To say that neurobiologist and Nobel Laureate Rita Levi-Montalcini faced some speed bumps along the road to attaining her goals would be a wild understatement. It’s far more accurate to say that, for Rita, there was no path blazed by scientists and women before her, so she built the darn road herself! Rita hit mountain-sized boulders along the way, but always found some way to either forge a path around the obstacles or just plow ahead, right over them.
Rita Levi-Montalcini was born in Turin, Italy on April 22, 1909 to a wealthy Jewish family. Her father was an electrical engineer and her mother, an artist. At a young age, Rita considered becoming a writer. She changed course and decided to go to medical school after witnessing a close family friend’s death from cancer. Rita’s father disapproved, fearing that attending college would just postpone her destined roles as a wife and mother, but she remained determined and her father finally relented. Rita was accepted to study medicine and surgery at the University of Turin. This, in itself, was no small feat for a woman at that time.
Rita attended classes taught by a neurohistologist (someone who studies the microscopic structure of nerve cells) who sparked her interest in the developing nervous system. After graduation, Rita stayed on at the University of Turin to assist her professor with his research. It was during this time that she learned a technique for staining nerve cells that made them clearly visible under a microscope. Unfortunately, Rita’s work at the university was cut short in 1938 when Benito Mussolini banned Jewish people from working in academia and many other professions such as medicine.
No biggie though. Rita just set up a secret laboratory in her bedroom at her parents’ house! She used surgical instruments she made out of sewing needles and watchmakers’ tweezers so as not to arouse the suspicions of Fascist soldiers. If Rita’s activities were discovered, it could have resulted in her imprisonment or even death. Talk about being dedicated to your work! Rita continued her research through World War II, even when bombing forced her family to leave Turin and head to the countryside.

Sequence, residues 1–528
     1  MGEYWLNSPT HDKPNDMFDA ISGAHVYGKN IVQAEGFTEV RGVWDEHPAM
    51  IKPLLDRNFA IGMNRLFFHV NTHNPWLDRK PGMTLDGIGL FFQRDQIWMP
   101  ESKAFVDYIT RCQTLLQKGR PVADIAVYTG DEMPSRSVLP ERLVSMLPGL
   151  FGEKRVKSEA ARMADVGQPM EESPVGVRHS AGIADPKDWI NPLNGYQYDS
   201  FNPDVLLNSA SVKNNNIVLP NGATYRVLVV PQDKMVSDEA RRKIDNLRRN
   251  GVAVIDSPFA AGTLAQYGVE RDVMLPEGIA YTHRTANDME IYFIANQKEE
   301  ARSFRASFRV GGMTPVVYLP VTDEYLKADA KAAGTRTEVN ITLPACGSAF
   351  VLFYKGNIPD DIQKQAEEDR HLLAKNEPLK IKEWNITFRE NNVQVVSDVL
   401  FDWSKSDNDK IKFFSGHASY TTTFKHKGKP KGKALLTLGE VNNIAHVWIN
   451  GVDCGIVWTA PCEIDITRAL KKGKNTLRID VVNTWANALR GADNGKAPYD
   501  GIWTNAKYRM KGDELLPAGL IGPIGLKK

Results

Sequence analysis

Rita was Inspired by American embryologist named Viktor Hamburger to use her silver staining technique to study nerve growth in chick embryos. This had the added benefit of allowing her to eat the evidence of her research! After the war, Viktor himself contacted Rita after reading papers she’d published about her findings. He invited her to join him at Washington University in St. Louis, Missouri. From then on, Rita divided her time between the United States and Rome, eventually gaining dual citizenship in Italy and the U.S.
In 1952, Rita, along with her colleague Stanley Cohen, discovered and analyzed a chemical they called Nerve Growth Factor. Nerve Growth Factor is a protein necessary for the survival and growth of cells in the peripheral nervous system (nerves and ganglia located outside of the brain and spinal cord). It regulates cell growth and nerve cells’ communication with each other. Rita and Stanley’s findings were revolutionary in the field of embryology and added greatly to the understanding of many diseases including cancer, Parkinson’s disease, senile dementia and Alzheimer’s disease.
Rita spent the next few decades expanding her research, holding various academic positions and collecting a long list of scientific awards and prizes. In 1986, when Rita was 77 year old, she and Stanley Cohen were jointly awarded the Nobel Prize in Physiology or Medicine for their discovery of Nerve Growth Factor. Better late than never! But, Rita had no time to slow down and rest on her laurels. She founded the European Brain Research Institute in 2005, at the age of 96. In fact, Rita worked up until the day before her death.
Rita died in her home in Rome on December 30, 2012 at the age of 103, making her the longest lived Nobel Laureate in history. Her work, however, lives on contributing immeasurably to our understanding of the structure and mechanics of nerve cells and leading to treatments, and hopefully someday cures, for those suffering from devastating neurological diseases. Imagine if she’d given up at that first speed bump in the road.
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